That Love Is All There Is

This poem by Emily Dickinson reminds me of those days in English lessons as a teenager reading things that did not speak to my condition, only to lodge in my brain and come back to me at a time (and an age) when I made sense of it.

That Love Is All There Is

That Love is all there is,
Is all we know of Love;
It is enough, the freight should be
Proportioned to the groove.

Emily Dickinson

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Meeting Point

This poem by Louis MacNeice is worth returning to.  I love the way the first line is also used as the final line for each stanza.  The poem reminds us that life is made up of moments, some of which seem to make time irrelevant.

Meeting Point

Time was away and somewhere else,
There were two glasses and two chairs
And two people with the one pulse
(Somebody stopped the moving stairs)
Time was away and somewhere else.

And they were neither up nor down;
The stream’s music did not stop
Flowing through heather, limpid brown,
Although they sat in a coffee shop
And they were neither up nor down.

The bell was silent in the air
Holding its inverted poise –
Between the clang and clang a flower,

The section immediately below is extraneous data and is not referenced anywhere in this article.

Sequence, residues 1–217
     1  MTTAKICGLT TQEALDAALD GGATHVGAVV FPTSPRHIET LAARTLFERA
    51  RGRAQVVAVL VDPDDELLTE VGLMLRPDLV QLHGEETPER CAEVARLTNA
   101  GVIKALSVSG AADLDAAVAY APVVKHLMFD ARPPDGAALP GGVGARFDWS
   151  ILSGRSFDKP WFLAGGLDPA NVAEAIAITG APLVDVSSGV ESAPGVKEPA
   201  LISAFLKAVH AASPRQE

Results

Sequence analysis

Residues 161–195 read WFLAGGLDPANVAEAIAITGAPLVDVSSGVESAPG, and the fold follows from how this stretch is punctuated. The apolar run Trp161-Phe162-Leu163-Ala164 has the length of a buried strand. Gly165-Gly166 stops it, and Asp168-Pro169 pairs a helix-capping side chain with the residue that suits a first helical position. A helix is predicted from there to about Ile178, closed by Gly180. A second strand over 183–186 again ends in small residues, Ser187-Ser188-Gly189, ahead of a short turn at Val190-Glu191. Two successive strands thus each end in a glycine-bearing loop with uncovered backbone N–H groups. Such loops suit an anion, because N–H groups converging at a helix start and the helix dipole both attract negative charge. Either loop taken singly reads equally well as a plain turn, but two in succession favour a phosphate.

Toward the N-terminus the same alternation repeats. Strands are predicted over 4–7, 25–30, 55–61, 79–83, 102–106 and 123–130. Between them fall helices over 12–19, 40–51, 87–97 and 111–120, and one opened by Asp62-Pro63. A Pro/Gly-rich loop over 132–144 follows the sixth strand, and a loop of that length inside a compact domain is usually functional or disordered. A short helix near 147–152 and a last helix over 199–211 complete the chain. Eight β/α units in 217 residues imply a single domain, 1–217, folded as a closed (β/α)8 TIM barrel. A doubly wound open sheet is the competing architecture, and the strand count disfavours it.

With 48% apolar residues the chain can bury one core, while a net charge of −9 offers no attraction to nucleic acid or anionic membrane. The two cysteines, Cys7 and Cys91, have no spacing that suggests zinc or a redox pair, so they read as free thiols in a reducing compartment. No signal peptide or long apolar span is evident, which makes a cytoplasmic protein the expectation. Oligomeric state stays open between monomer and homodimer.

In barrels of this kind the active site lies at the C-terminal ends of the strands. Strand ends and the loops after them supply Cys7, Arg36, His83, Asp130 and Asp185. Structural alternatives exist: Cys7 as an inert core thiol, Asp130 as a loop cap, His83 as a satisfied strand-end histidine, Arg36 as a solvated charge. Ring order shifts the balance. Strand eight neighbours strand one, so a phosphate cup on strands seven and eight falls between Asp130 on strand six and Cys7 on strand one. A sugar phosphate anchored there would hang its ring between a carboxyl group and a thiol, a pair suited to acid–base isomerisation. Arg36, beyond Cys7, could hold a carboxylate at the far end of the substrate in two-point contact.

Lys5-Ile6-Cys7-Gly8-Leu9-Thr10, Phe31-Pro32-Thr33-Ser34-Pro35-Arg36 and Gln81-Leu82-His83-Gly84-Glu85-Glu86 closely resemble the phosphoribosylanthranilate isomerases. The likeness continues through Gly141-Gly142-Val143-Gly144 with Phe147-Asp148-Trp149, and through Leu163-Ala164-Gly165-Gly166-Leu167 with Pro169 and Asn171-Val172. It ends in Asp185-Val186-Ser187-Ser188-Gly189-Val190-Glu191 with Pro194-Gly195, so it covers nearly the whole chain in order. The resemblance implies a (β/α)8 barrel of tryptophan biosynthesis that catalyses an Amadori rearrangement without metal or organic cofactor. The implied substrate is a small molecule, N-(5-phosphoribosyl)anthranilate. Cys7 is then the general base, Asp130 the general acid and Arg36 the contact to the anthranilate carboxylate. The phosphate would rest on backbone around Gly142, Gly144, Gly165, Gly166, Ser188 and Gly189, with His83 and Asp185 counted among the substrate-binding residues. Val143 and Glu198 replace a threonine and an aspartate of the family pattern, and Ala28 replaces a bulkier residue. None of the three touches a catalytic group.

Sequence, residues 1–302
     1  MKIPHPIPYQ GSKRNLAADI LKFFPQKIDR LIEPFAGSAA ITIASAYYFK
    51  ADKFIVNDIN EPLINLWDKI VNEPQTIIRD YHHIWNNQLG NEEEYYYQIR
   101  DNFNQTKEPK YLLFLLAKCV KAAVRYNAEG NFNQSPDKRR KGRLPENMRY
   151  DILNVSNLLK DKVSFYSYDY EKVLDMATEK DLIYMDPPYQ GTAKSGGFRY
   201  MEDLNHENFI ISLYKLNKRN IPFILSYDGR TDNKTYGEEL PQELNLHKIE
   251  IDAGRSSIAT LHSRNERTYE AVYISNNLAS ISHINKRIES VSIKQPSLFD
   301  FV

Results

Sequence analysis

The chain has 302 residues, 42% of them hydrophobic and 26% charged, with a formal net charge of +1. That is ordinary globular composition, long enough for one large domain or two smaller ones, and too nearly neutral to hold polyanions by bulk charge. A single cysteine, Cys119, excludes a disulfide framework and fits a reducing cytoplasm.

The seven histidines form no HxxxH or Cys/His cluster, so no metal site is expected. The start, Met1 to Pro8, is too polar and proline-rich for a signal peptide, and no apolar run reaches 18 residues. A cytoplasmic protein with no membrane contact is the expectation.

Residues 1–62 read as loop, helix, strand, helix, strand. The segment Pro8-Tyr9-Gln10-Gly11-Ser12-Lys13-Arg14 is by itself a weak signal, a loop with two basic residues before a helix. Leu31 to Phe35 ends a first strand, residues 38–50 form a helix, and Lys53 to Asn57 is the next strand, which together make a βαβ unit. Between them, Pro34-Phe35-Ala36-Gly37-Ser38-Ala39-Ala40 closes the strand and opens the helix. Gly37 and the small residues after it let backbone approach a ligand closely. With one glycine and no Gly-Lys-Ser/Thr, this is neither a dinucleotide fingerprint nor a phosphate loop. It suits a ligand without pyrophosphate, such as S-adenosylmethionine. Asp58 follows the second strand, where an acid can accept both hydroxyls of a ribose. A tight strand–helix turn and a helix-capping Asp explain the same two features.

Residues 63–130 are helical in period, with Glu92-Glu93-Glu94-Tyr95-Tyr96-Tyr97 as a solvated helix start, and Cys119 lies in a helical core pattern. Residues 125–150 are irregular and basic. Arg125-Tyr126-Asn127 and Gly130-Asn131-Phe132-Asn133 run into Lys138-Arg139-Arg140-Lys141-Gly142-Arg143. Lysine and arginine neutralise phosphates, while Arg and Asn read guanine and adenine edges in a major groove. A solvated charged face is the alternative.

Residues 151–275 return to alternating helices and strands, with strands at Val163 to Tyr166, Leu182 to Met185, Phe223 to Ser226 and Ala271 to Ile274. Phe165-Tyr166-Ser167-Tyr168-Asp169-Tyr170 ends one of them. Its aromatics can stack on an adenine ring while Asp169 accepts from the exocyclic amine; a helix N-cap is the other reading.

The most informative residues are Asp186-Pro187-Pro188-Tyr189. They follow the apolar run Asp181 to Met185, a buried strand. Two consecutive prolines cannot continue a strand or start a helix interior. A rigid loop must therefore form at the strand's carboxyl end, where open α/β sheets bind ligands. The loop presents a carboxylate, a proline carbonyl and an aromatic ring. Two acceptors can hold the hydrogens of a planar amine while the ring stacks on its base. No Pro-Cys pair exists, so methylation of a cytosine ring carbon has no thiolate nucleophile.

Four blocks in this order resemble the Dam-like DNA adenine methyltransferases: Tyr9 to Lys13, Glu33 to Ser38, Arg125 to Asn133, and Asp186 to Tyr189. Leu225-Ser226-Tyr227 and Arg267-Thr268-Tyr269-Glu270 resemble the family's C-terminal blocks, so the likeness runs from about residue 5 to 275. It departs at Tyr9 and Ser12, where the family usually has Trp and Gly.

A brazen calyx of no noise:
The bell was silent in the air.

The camels crossed the miles of sand
That stretched around the cups and plates;
The desert was their own, they planned
To portion out the stars and dates:
The camels crossed the miles of sand.

Time was away and somewhere else.
The waiter did not come, the clock
Forgot them and the radio waltz
Came out like water from a rock:
Time was away and somewhere else.

Her fingers flicked away the ash
That bloomed again in tropic trees:
Not caring if the markets crash
When they had forests such as these,
Her fingers flicked away the ash.

God or whatever means the Good
Be praised that time can stop like this,
That what the heart has understood
Can verify in the body’s peace
God or whatever means the Good.

Time was away and she was here
And life no longer what it was,
The bell was silent in the air
And all the room one glow because
Time was away and she was here.

Louis MacNeice

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Batman

Reading about the recent death of Adam West who played the Batman of my childhood made me reflect on the fact that the images of our formative years remain with us, despite later re-boots. Therefore, whenever anyone mentions Batman it is the image of the television series from the mid- 60s that comes to mind.

I was of an age that took these things very seriously so I did not, at the time, recognise any of the features that were later described as ‘camp’.  I did not realise that the series was from another country, they spoke English after all.  To me, it was all worth my attention and belief.  I identified more with Robin than Batman, possibly because he was younger and I was a child.